KYE Systems Corp. is doing its part in helping keep Chinese students off the streets during their summer breaks and out of trouble by hiring them for “work-study” programs. Unfortunately, a new report from The National Labor Committee (NLC) details numerous labor law and human rights violations.
Here is a brief summary of how the students spent their summer vacations:
- 15-hour work days
- Prohibition of talking, listening to music or bathroom use during work hours
- Guards sexually harassing female employees
- Being paid $0.52 USD per hour
- Sharing a dorm room with 13 other workers
- Making a mandatory minimum of 2,000 Microsoft mice per shift
- Working in a factory that exceeds 86 degrees
According to the NLC report, “China does not have unions in the sense of the word.” Through its hiring practices, KYE has set up an environment that ensures no collective bargaining will ever take place at its plants.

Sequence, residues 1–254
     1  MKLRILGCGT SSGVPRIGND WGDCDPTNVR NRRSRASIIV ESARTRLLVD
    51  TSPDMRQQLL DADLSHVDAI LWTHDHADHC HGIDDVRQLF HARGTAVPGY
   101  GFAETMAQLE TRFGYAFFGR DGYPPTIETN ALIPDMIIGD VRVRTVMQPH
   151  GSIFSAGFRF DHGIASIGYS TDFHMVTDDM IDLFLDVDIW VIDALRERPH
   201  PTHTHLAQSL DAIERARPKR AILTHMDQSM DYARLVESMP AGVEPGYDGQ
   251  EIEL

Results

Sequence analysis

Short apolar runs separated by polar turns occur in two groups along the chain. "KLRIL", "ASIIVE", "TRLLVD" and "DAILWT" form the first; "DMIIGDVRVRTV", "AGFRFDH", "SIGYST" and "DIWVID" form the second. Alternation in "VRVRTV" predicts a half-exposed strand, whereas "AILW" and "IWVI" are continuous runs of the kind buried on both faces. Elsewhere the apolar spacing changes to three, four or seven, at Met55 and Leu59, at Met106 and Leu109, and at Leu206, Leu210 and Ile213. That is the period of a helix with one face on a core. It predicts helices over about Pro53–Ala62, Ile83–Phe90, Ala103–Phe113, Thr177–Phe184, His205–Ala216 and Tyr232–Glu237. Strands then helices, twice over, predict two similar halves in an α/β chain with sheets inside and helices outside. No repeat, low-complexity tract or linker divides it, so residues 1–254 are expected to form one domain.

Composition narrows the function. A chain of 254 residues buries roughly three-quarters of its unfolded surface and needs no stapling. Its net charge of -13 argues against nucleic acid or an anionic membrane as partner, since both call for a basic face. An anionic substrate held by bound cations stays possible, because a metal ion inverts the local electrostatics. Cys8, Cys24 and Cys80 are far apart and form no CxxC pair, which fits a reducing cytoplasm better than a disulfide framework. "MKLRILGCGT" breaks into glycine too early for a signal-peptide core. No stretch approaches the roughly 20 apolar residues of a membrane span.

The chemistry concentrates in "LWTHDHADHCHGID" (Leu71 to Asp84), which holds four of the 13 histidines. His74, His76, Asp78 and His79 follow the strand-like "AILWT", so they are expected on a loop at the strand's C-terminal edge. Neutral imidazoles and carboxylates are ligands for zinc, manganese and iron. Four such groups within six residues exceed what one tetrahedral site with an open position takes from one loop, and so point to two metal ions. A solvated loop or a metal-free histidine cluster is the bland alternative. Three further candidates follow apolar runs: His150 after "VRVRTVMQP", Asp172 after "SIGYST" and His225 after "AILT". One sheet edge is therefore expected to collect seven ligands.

First, KYE has hired workers who have no knowledge of labor laws. The workers “have no idea how to ask for legal arbitration or to settle issues at work.” In addition to taking advantage of their ignorance, management likes to hire “young students because they are easy to manage and control.”
One worker talked about what she did at the factory,
The job entails taking soybean-sized rubber pads off of gummed paper, and placing them one-by-one on the bottom of the mouse. This is a mind-numbing job. I am basically repeating the same motion over and over for over twelve hours a day. After only a few hours, my colleagues and I begin to feel sore in our necks, shoulders and backs.
In his book, Labor and Monopoly Capital: The Degradation of Work in the Twentieth Century, Harry Braverman talks extensively about how companies have deskilled craft work by breaking up a complex task into several simple repetitious routines. By transforming a skilled-craft into a low-skilled job, the factory can pay its workers lower wages. It can also replace workers much faster since it takes less time to train the new employee.
Here are some of the companies that are contributing to the “scholarships” for the “work-study” programs: Microsoft, Hewlett-Packard, Best Buy, Samsung, Foxconn, Acer, Wi/IFC/Logitech, Asus-Rd.
Thanks to KYE, the students have something to talk about when they return to school and are asked how they spent their summer vacations.